Jewish World Review July 19, 2012/ 29 Tamuz, 5772
Nothing new in the new Spider-Man movie
By Barry Koltnow
http://www.JewishWorldReview.com | (MCT) The world hasn't made sense since Darrin Stevens.
It's been 45 years since TV executives replaced the actor (Dick York) who played Samantha's husband on the show "Bewitched" with another actor (Dick Sargent) and hoped that nobody would notice. Did they really think we'd be fooled because both actors had similar first names? I've never recovered from the treachery. I have trust issues because of it, and I don't sleep well. While it's true that back problems led to York leaving the show, my problem is with the lack of an explanation.
As a result, I have trouble fully committing to any movie or TV character because I live in fear that one day, some executive will make an arbitrary decision based on ratings, money or whimsy, and hire a new actor to replace the one I like.
Do you think it was easy for me to accept Roger Moore, even though it probably was Sean Connery's decision not to do any more James Bond movies? They should have ended the film series right then, admitting that Sean Connery was the perfect Bond, and that perfection is its own reward. Don't even get me started on George Lazenby, Timothy Dalton, Pierce Brosnan and Daniel Craig.
I am nothing if not flexible, and I have made allowances for certain changes in actors, including Batman and The Joker. George Clooney pretty much killed Batman for all intents and purposes, and the universe demanded a new Batman. As long as you're changing Batman, you might as well change his nemesis.
But the exceptions that I allow are few. More often, the changes are egregious, such as the casting of Russell Brand in the title role of "Arthur." My rule of thumb is that if a certain actor created the perfect character, as Dudley Moore did in the 1981 movie, it should be a crime against art to remake the movie.
I won't belabor the point. You know how I feel about this, and all of this has just served as an introduction to the real topic of today's column "The Amazing Spider-Man."
As you probably know, the newest Spidey adventure opens Tuesday, and I've seen it.
My opinion on whether it's a good movie is not important to this discussion. Besides, I keep reading that most of you get your movie reviews from friends on social media or by anonymous sources on the Internet, so I won't waste your time with my opinion.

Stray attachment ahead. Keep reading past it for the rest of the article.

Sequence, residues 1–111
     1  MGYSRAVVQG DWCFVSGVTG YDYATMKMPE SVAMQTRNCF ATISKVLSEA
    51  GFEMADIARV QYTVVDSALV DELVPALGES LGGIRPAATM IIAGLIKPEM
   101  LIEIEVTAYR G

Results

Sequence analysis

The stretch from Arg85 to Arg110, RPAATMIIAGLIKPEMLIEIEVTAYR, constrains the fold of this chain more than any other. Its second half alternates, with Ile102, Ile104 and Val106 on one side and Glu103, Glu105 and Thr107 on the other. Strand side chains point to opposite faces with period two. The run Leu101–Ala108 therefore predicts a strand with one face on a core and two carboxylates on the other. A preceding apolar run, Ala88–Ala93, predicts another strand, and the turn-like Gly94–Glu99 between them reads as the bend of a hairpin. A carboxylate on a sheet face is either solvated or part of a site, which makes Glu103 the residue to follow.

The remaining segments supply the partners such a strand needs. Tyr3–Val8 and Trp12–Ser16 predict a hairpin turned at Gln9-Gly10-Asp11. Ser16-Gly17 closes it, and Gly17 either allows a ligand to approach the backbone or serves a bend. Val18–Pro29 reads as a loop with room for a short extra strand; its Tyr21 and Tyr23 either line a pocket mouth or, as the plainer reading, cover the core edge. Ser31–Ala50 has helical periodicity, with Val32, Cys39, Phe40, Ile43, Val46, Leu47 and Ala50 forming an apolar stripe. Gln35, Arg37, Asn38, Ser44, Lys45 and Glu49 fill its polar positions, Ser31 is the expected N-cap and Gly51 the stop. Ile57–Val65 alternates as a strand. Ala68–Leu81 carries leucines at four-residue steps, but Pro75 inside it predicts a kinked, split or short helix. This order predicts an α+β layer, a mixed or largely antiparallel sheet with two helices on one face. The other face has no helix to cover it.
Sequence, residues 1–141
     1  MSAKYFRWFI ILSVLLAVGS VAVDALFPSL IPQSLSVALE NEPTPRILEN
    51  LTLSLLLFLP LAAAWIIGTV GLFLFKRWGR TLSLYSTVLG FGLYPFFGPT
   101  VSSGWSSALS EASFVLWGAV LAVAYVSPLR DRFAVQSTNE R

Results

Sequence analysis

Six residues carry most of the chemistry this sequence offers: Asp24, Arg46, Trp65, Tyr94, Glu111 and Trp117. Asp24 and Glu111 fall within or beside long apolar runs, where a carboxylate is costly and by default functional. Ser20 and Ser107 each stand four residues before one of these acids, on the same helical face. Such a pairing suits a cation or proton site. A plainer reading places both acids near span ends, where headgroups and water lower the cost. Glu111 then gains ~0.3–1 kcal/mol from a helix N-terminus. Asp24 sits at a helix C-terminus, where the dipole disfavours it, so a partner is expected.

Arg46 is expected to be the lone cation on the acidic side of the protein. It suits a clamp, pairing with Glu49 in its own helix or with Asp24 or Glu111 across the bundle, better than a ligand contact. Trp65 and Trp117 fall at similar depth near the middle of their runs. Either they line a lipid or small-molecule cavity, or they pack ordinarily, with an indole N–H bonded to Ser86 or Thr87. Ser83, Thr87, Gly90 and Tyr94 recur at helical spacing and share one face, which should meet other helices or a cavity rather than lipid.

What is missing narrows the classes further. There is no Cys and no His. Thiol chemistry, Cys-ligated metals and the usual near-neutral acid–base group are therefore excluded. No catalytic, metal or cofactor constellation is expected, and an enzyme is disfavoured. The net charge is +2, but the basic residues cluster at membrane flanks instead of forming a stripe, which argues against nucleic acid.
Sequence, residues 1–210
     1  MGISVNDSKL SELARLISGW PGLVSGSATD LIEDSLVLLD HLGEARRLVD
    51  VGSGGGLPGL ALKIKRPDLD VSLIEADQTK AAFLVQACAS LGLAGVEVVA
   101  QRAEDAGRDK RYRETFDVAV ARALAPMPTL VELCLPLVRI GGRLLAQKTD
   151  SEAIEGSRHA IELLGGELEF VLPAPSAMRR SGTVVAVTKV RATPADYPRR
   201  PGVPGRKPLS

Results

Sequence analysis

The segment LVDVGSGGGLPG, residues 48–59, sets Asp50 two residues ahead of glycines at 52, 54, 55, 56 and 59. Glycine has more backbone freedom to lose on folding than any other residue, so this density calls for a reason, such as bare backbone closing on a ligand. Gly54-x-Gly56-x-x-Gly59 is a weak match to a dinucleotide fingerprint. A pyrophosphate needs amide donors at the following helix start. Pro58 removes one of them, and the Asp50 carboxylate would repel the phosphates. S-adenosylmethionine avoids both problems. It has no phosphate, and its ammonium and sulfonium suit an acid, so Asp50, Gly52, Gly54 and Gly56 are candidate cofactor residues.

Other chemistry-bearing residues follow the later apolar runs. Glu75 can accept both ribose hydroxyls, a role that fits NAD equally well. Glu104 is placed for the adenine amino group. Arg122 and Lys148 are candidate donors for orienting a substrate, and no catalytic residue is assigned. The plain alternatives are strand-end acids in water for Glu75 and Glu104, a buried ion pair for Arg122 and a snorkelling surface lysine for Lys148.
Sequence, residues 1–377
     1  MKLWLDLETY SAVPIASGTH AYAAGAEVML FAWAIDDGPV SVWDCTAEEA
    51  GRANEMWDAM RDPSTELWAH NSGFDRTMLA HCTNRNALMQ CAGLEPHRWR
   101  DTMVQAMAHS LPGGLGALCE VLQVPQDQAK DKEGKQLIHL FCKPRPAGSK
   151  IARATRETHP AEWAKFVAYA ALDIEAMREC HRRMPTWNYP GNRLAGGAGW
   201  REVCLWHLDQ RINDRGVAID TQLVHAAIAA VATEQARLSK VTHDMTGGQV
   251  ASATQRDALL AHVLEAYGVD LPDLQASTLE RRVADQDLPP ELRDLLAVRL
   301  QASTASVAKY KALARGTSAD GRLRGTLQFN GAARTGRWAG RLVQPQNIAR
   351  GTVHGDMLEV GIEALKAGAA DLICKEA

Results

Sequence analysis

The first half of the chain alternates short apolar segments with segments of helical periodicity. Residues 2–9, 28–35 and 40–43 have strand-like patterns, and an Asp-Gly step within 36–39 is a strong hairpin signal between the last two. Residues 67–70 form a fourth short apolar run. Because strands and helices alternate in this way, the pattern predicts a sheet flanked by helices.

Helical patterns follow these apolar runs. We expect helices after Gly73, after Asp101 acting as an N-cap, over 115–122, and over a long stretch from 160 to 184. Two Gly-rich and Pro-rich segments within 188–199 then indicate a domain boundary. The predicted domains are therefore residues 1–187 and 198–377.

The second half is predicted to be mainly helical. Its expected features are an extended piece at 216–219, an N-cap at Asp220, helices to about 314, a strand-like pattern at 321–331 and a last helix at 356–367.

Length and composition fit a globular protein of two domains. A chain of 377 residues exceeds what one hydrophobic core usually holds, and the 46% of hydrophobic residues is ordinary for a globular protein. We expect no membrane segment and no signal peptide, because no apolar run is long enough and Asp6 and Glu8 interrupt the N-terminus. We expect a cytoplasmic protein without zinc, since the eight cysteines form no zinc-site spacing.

Here is what has bothered me since the day it was announced that Andrew Garfield of "The Social Network" would replace Tobey Maguire as Peter Parker, and that director Sam Raimi would be replaced by a little-known filmmaker named Marc Webb. It doesn't matter that Maguire and Raimi didn't want to return to the franchise. As far as I am concerned, the franchise ran its course with three terrific films that were in theaters between 2002 and 2007. Those three films together made $2.5 billion at the worldwide box office. That doesn't count lunch boxes, costumes and other paraphernalia. When is it enough money? Why can't anyone be satisfied with making a lot of money, and then move on to other projects?
Please allow me to repeat those dates 2002 through 2007 because I don't want to hear that tired old refrain from the movie studio about how so much time has passed since the original film, and it was necessary to remake the movie for a "new audience."
It's all about money. It's always about money, but it's never been so blatant.
Why was it necessary to make another Spider-Man movie? That's the question I have been asking myself since the announcement of the "new chapter in the Spider-Man saga."
"It was important to the filmmakers to show a side of Peter Parker that moviegoers haven't seen before," a studio statement said.
Really? We haven't seen Peter Parker being picked on by bullies in school before? We haven't seen Peter bitten by a radioactive spider before? We haven't seen Peter pursue the girl of his dreams before?
In the new movie, I learned nothing new about Peter's saga. And I learned nothing new in 3-D. I suppose the studio is counting on 3-D to convince audiences to line up outside theaters around the world. And they will line up because many people believe what they are told. They are told that Andrew Garfield is a good Spidey, and he is. They are told that Emma Stone is a good Gwen Stacy, and she is. They are told that The Lizard is a good villain, and it is.
But is that worth the price of a tub of popcorn, or would those studio resources be better spent on an original project?
I wish Samantha could wrinkle her nose and make it all go away.
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